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|Can Gulf cities be considered “sporting cities”? Local boosters seem to think so and planners across the Arabian Peninsula are increasingly working to reshape their cities as sporting hubs and cater to a sports-oriented “visitor class.” This paper examines the wide-ranging mobilities and materialities that planners in the Gulf Arab states have drawn on to do so, focusing on an ethnographic case study of the UCI Road Cycling World Championships in Doha in October 2016. Through participant observation and interviews with athletes, officials, spectators, and local residents during the event, I consider the impacts of planning and tourism policies in the Arabian Peninsula.|
In the past decade, planners across the region have actively promoted elite sport in their countries and, in turn, reshaped their cities as sporting hubs. In addition to promoting local tourist industries, hosting major sporting events also offers urban planners an opportunity to showcase their cities to the world through investing in iconic new venues and urban infrastructure. From impressive new Formula One tracks in Abu Dhabi and Bahrain, to Qatar’s cutting-edge football stadiums for the 2022 FIFA World Cup, the Gulf states’ rapid development is a key geopolitical trope used in promoting these events. Advancing globalized elite sport is thus an important means to broadcast an image of Gulf cities as cosmopolitan and modern. While regional leaders have also promoted more nationalistically-oriented sports, like falconry and camel racing, globalized elite sports are of special interest because their promotion in the Gulf relies almost exclusively on foreign players or participants. Spectators, too, are often short-term tourists or non-citizen expats.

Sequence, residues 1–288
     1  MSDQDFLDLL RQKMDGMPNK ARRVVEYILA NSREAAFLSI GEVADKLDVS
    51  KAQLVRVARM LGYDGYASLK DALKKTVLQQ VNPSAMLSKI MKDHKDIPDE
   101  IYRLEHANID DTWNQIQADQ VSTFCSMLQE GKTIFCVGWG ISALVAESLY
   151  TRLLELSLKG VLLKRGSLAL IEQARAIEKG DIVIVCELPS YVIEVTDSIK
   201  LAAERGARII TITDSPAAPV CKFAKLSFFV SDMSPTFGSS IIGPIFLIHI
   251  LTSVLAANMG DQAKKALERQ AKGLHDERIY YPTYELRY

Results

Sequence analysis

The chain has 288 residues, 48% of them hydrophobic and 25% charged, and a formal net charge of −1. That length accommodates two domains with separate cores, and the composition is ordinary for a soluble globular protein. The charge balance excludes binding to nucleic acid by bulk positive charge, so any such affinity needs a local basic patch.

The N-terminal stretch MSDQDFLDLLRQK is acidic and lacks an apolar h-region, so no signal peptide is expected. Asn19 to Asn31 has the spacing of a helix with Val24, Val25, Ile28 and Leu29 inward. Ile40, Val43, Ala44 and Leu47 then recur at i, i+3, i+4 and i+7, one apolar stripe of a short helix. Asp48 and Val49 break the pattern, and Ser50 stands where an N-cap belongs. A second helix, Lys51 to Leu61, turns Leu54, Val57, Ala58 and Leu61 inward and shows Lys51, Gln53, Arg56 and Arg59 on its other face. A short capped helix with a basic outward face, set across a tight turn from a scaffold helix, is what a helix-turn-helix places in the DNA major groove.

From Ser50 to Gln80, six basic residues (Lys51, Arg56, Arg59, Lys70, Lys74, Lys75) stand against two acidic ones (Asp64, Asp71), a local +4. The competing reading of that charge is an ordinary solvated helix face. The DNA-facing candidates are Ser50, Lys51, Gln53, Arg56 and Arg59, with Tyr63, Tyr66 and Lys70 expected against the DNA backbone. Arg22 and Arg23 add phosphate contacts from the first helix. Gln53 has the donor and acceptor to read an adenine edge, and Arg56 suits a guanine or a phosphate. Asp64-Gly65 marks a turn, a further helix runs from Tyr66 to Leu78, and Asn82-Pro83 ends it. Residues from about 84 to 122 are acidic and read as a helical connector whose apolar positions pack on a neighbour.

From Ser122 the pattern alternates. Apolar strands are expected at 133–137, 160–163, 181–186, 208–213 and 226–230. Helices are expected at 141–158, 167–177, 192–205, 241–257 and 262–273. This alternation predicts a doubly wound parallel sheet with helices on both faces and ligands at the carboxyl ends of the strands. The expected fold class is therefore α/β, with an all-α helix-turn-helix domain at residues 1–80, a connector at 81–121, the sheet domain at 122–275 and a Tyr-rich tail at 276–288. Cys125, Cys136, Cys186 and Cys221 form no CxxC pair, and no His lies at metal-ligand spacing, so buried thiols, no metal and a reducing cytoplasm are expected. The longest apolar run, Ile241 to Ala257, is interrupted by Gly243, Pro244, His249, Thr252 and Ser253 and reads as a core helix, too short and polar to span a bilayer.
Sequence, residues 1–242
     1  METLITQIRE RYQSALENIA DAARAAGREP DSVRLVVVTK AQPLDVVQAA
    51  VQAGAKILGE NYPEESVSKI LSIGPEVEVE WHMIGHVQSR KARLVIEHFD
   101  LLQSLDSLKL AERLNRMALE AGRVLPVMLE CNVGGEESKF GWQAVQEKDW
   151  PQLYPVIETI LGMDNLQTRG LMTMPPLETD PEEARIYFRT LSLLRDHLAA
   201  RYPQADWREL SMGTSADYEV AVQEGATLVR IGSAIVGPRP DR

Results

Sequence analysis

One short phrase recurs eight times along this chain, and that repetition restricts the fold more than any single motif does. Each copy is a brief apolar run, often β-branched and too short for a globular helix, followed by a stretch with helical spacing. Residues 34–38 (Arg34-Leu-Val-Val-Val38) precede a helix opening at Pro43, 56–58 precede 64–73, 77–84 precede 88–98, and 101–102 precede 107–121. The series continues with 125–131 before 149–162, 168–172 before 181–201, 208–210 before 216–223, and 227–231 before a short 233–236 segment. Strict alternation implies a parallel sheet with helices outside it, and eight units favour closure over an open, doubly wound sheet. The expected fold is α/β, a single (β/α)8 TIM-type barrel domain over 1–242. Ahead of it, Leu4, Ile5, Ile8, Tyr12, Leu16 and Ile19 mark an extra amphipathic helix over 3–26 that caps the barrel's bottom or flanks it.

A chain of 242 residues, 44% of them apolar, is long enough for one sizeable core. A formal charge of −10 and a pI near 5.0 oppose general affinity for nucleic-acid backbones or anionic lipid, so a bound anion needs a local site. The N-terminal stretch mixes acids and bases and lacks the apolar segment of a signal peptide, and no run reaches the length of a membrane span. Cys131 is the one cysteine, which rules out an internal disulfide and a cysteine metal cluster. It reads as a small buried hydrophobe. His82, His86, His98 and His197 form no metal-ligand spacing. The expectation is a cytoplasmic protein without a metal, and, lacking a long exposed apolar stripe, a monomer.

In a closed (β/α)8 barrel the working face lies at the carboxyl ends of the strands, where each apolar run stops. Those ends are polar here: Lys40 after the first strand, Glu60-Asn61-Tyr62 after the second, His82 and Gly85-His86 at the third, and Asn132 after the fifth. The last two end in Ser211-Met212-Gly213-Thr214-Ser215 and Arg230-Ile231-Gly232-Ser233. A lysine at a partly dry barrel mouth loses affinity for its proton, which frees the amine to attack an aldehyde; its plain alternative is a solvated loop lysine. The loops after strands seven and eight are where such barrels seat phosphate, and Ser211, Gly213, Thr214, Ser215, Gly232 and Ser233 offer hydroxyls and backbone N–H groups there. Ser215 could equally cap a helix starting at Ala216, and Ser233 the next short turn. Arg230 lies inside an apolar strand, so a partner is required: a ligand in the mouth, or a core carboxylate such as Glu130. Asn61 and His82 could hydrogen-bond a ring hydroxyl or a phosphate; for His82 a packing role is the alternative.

Informed by research in political and urban geography, and taking the case of the UCI World Championships in Doha, this paper therefore asks: how is urban space transformed during the event, both materially and through the mobility of elite athletes and spectators? What images and identity narratives about Qatar generally, and Doha as a “sporting city,” do planners spotlight for the tourist’s gaze? And what are the broader political implications of shaping Gulf cities around the mobilities and materialities of elite sport? “Sporting cities,” I demonstrate, are key sites of geopolitical encounter: where subjects and spaces are not predetermined, but actively constituted through people’s differential movements in the pursuit of pleasure.